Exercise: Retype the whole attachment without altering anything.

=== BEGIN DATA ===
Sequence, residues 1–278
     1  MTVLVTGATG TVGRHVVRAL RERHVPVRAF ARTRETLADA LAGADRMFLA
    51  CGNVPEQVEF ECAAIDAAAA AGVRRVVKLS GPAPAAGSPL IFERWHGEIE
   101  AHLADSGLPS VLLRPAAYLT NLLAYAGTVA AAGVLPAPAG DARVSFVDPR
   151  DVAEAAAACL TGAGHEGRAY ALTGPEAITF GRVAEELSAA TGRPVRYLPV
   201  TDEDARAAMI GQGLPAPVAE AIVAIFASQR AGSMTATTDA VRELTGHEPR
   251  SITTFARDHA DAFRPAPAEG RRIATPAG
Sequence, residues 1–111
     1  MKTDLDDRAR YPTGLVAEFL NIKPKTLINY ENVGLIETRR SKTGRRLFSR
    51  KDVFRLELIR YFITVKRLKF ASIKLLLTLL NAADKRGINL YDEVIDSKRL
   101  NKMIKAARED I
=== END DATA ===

Sequence, residues 1–278
     1  MTVLVTGATG TVGRHVVRAL RERHVPVRAF ARTRETLADA LAGADRMFLA
    51  CGNVPEQVEF ECAAIDAAAA AGVRRVVKLS GPAPAAGSPL IFERWHGEIE
   101  AHLADSGLPS VLLRPAAYLT NLLAYAGTVA AAGVLPAPAG DARVSFVDPR
   151  DVAEAAAACL TGAGHEGRAY ALTGPEAITF GRVAEELSAA TGRPVRYLPV
   201  TDEDARAAMI GQGLPAPVAE AIVAIFASQR AGSMTATTDA VRELTGHEPR
   251  SITTFARDHA DAFRPAPAEG RRIATPAG
Sequence, residues 1–111
     1  MKTDLDDRAR YPTGLVAEFL NIKPKTLINY ENVGLIETRR SKTGRRLFSR
    51  KDVFRLELIR YFITVKRLKF ASIKLLLTLL NAADKRGINL YDEVIDSKRL
   101  NKMIKAARED I